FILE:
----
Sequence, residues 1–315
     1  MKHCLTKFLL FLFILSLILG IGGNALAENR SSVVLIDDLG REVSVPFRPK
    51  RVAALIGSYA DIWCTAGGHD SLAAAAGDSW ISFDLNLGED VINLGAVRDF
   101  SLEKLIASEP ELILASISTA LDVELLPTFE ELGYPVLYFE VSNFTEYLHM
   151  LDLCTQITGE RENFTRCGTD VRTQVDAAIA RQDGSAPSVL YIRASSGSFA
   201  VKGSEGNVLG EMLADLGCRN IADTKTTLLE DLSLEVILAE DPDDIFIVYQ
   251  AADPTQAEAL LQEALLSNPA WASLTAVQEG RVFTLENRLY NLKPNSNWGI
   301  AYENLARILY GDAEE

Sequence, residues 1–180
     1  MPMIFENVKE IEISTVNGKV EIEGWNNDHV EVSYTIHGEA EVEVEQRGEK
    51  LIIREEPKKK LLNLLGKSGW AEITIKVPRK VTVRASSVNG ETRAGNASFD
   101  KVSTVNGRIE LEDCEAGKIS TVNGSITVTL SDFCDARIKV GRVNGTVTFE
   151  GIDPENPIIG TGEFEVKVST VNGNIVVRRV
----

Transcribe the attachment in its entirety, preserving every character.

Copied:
Sequence, residues 1–315
     1  MKHCLTKFLL FLFILSLILG IGGNALAENR SSVVLIDDLG REVSVPFRPK
    51  RVAALIGSYA DIWCTAGGHD SLAAAAGDSW ISFDLNLGED VINLGAVRDF
   101  SLEKLIASEP ELILASISTA LDVELLPTFE ELGYPVLYFE VSNFTEYLHM
   151  LDLCTQITGE RENFTRCGTD VRTQVDAAIA RQDGSAPSVL YIRASSGSFA
   201  VKGSEGNVLG EMLADLGCRN IADTKTTLLE DLSLEVILAE DPDDIFIVYQ
   251  AADPTQAEAL LQEALLSNPA WASLTAVQEG RVFTLENRLY NLKPNSNWGI
   301  AYENLARILY GDAEE

Sequence, residues 1–180
     1  MPMIFENVKE IEISTVNGKV EIEGWNNDHV EVSYTIHGEA EVEVEQRGEK
    51  LIIREEPKKK LLNLLGKSGW AEITIKVPRK VTVRASSVNG ETRAGNASFD
   101  KVSTVNGRIE LEDCEAGKIS TVNGSITVTL SDFCDARIKV GRVNGTVTFE
   151  GIDPENPIIG TGEFEVKVST VNGNIVVRRV